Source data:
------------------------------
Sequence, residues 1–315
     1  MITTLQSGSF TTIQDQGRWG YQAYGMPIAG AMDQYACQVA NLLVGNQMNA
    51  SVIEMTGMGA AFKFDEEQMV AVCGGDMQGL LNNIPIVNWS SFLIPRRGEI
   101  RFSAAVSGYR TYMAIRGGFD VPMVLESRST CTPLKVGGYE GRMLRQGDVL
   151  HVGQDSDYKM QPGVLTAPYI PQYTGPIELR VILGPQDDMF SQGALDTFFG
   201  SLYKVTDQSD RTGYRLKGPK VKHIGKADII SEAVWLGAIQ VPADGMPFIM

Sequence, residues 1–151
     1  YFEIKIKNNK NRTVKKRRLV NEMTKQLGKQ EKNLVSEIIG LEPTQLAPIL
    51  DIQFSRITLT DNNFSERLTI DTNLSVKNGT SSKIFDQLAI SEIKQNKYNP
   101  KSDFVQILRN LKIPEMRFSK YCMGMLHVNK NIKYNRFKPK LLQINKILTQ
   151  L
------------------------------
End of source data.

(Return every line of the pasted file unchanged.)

Sequence, residues 1–315
     1  MITTLQSGSF TTIQDQGRWG YQAYGMPIAG AMDQYACQVA NLLVGNQMNA
    51  SVIEMTGMGA AFKFDEEQMV AVCGGDMQGL LNNIPIVNWS SFLIPRRGEI
   101  RFSAAVSGYR TYMAIRGGFD VPMVLESRST CTPLKVGGYE GRMLRQGDVL
   151  HVGQDSDYKM QPGVLTAPYI PQYTGPIELR VILGPQDDMF SQGALDTFFG
   201  SLYKVTDQSD RTGYRLKGPK VKHIGKADII SEAVWLGAIQ VPADGMPFIM

Sequence, residues 1–151
     1  YFEIKIKNNK NRTVKKRRLV NEMTKQLGKQ EKNLVSEIIG LEPTQLAPIL
    51  DIQFSRITLT DNNFSERLTI DTNLSVKNGT SSKIFDQLAI SEIKQNKYNP
   101  KSDFVQILRN LKIPEMRFSK YCMGMLHVNK NIKYNRFKPK LLQINKILTQ
   151  L